Virtual Care — Beyond the Pandemic

How do you maintain the momentum of virtual care that is transforming the medical system beyond the COVID-19 pandemic?

After years of debate over the effectiveness of telemedicine and connected health care, Australia has decades of progress and a platform to provide virtual health care as a means of protecting against COVID-19 infections. I have invested in.

Between March 2020 and April 2021, more than 56 million telemedicine services were provided to 13.6 million patients. That’s almost $ 2.9 billion of Medicare benefits paid. The recent federal budget continues to invest an additional $ 204.6 million in telemedicine, bringing the total to date to $ 3.6 billion. However, at this stage, the redemption portion is still temporary.

The tip of the iceberg

In a truly modern healthcare system, the platform and infrastructure for connectivity such as telemedicine is just the tip of the iceberg. Core infrastructure such as telemedicine and electronic health records are key platforms for more advanced remote patient management technologies that support the prevention, diagnosis and treatment of health conditions.

Such digital medical and digital treatment technologies have been proven in clinical trials to have a direct, measurable and safe impact on the well-being of patients and medical consumers beyond electronic medical records, connectivity and infrastructure. It extends to the technology we have. These technologies represent the cutting edge of medical product development and the engagement with empowered consumers to deliver greater health care outcomes to everyone.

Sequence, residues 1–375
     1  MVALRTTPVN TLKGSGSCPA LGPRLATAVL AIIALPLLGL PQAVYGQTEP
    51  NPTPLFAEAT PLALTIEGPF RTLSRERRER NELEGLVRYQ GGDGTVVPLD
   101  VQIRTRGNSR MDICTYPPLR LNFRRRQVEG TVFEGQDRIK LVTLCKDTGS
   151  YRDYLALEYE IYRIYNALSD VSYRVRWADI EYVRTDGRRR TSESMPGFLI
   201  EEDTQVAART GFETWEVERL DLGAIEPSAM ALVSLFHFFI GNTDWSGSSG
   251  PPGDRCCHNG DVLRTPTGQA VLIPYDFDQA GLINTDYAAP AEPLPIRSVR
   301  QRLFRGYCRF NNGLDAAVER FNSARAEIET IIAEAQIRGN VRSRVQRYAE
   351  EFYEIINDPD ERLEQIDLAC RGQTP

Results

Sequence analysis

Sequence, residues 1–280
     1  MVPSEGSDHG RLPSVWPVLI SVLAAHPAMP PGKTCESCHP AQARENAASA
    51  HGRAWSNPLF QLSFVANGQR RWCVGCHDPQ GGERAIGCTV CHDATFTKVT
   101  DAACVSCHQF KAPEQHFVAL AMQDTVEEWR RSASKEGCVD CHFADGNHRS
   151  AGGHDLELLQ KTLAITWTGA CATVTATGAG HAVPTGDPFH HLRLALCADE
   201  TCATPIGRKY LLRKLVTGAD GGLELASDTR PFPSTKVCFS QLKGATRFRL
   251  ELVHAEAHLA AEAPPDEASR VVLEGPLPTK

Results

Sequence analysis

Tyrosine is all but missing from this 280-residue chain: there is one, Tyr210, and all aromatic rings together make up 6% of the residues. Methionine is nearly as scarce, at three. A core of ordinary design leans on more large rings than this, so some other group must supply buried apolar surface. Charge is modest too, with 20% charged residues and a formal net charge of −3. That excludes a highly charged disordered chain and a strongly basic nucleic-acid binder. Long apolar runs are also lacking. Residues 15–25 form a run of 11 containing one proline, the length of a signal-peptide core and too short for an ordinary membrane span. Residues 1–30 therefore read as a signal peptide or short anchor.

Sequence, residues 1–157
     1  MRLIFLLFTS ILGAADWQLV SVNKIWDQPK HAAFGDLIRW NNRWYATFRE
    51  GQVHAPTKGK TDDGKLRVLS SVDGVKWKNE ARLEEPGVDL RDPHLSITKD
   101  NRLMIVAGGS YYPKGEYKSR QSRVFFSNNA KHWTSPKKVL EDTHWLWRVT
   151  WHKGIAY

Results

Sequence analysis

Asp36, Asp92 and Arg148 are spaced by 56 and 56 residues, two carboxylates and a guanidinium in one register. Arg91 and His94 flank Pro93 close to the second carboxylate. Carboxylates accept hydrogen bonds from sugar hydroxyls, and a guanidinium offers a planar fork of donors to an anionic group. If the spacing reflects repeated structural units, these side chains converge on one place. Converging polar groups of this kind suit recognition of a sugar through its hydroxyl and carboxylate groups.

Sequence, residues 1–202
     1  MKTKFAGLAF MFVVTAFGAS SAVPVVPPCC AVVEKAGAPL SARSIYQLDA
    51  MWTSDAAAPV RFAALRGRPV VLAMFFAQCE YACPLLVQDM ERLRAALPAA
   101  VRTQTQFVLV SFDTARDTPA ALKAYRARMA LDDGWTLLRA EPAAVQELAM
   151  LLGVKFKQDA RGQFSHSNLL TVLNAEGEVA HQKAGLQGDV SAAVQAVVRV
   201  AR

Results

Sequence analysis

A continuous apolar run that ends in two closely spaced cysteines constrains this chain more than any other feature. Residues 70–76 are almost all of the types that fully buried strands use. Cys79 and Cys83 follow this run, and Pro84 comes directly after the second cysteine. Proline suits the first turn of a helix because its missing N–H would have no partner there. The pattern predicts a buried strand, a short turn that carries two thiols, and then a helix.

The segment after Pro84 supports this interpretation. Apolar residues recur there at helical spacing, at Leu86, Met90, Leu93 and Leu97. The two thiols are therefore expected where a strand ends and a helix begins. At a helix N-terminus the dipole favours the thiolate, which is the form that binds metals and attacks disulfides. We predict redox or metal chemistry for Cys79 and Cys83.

System structure issues

recently AND Health Digital Health Commercialization Master Class brings together global experts in digital health innovation to tackle the challenge of building a truly modern healthcare system and providing care whenever and wherever you need it. I shared.

Drew Schiller, CEO and co-founder of Validic, a keynote speaker, already has the technology and expertise needed to connect patient-generated data from home healthcare devices, apps and wearables to healthcare systems. Revealed that it exists (at least in the United States). The challenge is that these technologies cannot simply be overlaid on existing medical systems.

“The biggest obstacle to incorporating innovation and scaling it for widespread use, especially in large medical systems, is the inertia of’digital health operations’,” he said. There is no shortage of innovation ideas, but clinicians and innovators often overcome operational hurdles and lose momentum in the “endless cycle of pilots who appear to be grasping nothing.”

For digital health to grow, systems and structures need to adapt to these new technologies. The change in regulations on Australian medical device software earlier this year is an important step in this direction. However, for clinicians and patients to adopt these technologies, they need to do more, such as refunding time to review surveillance data in the United States and the prescription apps themselves in Germany and elsewhere. ..

Evolution to the point of patient care